She has seen sunrise and sunset 16 times a day. When she is at work, she looks down at the Earth.

On Friday, former American astronaut Marsha Ivins guided the audience through her spatial experience, using videos taken through her journeys. Ms. Ivins was in the city to inaugurate the Kerala chapter of the South India American Studies Network (SIASN). The interactive session was organised by the SIASN and the Kerala International Centre (KIC).

The videos showed astronauts floating around and playing with water drops. They exercised, played games, and took photographs of the Earth. Life, one would think, was so cool in space. Ms. Ivins agreed, saying those who stayed in space never wanted to come back.

With their lifestyle, the astronauts also had a few lessons to teach in waste management and power consumption, she said.

“We do not throw waste into space; we process it or take it back home.” She explained what she meant by processing. “Liquid waste is processed to be used for coffee the next day. In my experience, none of the astronauts have had any complaints so far.”

Space debris, such as abandoned spacecrafts or defunct satellites, is also treated and programmes are initiated to remove such debris.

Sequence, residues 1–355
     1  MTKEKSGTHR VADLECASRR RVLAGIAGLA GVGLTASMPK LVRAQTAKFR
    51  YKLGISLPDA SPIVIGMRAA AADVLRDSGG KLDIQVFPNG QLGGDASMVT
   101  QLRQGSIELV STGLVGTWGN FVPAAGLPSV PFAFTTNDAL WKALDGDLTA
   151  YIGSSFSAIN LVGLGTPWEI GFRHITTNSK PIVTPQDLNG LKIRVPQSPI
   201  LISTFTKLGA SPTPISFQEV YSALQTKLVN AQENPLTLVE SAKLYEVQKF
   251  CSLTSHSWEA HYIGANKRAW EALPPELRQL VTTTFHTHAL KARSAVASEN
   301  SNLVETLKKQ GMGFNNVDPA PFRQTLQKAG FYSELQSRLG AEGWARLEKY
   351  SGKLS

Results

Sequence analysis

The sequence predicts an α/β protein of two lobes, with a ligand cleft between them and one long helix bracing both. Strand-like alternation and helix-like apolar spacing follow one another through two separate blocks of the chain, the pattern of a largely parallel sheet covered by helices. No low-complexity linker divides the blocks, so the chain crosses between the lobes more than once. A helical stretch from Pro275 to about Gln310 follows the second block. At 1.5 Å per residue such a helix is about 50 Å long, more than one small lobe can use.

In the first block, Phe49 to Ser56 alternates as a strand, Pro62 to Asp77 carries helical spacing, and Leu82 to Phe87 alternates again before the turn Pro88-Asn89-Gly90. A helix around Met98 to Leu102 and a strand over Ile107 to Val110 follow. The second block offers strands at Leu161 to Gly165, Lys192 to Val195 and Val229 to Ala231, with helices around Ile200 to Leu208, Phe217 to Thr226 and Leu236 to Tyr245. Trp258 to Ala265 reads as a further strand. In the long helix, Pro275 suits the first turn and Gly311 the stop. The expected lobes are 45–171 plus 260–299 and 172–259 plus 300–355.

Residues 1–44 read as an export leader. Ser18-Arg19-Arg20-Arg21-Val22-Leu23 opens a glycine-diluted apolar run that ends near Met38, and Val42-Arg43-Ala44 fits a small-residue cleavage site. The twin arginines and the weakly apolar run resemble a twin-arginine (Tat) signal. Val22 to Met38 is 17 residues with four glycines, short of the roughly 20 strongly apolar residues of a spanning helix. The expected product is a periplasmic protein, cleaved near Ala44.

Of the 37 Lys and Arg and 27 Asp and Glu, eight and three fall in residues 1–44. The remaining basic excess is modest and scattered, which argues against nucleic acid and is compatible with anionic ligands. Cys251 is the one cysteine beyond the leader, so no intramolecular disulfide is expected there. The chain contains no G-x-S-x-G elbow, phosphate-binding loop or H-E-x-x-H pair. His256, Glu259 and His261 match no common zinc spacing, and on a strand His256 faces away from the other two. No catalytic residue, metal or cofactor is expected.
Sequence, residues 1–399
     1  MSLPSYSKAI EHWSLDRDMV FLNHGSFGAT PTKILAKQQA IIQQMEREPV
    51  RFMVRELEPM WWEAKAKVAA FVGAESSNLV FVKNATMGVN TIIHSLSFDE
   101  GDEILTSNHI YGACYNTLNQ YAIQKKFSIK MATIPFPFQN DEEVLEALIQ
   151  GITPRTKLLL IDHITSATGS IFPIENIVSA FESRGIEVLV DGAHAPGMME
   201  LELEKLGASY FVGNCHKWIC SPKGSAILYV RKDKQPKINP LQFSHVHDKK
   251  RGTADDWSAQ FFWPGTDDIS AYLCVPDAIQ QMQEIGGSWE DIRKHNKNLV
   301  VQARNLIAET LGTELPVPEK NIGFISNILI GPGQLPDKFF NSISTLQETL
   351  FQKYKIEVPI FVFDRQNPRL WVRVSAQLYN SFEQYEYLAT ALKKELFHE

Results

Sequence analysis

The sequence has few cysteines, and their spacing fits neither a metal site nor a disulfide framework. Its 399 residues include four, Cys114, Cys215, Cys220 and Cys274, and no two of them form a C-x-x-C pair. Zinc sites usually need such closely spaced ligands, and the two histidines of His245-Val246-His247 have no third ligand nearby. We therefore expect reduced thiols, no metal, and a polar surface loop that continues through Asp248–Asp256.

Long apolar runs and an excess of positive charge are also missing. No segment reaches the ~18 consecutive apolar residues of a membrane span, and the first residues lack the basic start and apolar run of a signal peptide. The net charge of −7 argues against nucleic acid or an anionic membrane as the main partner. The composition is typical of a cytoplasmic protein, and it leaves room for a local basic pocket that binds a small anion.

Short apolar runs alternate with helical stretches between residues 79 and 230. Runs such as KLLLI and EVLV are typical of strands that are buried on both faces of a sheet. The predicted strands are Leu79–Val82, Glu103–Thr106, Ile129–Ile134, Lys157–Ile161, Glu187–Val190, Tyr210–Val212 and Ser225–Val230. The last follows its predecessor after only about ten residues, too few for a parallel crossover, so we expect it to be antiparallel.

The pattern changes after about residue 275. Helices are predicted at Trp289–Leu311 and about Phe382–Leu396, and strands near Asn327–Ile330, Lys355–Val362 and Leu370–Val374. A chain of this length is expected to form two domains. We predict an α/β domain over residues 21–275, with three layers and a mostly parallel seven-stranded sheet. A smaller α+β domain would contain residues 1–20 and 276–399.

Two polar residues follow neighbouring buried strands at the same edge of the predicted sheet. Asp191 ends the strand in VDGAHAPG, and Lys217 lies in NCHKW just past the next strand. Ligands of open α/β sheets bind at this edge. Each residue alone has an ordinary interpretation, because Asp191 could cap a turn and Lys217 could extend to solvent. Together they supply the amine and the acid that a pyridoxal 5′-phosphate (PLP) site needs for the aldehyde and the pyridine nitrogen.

But what about the risk of the spacecraft colliding with such debris? Ms. Ivins said the spacecraft could be carefully navigated or controlled to avoid such collisions.

Ms. Ivins, who had her heart set on becoming an astronaut at the age of 10, said the world had to move forward in the area of space exploration.

“Beyond the Earth, moon and Mars, we need to explore the solar systems, the millions of galaxies that surround us. When we become capable of building fuel, oxygen, and repairing damages to the space shuttle while in space, only then can we move further. The future is yours,” Ms. Ivins, who was head of the exploration branch of the astronaut office of NASA, said.

“All the astronauts who have travelled to space have one thing to say. As we go round the Earth, there are no natural borders, only man-made ones,” Ms. Ivins said.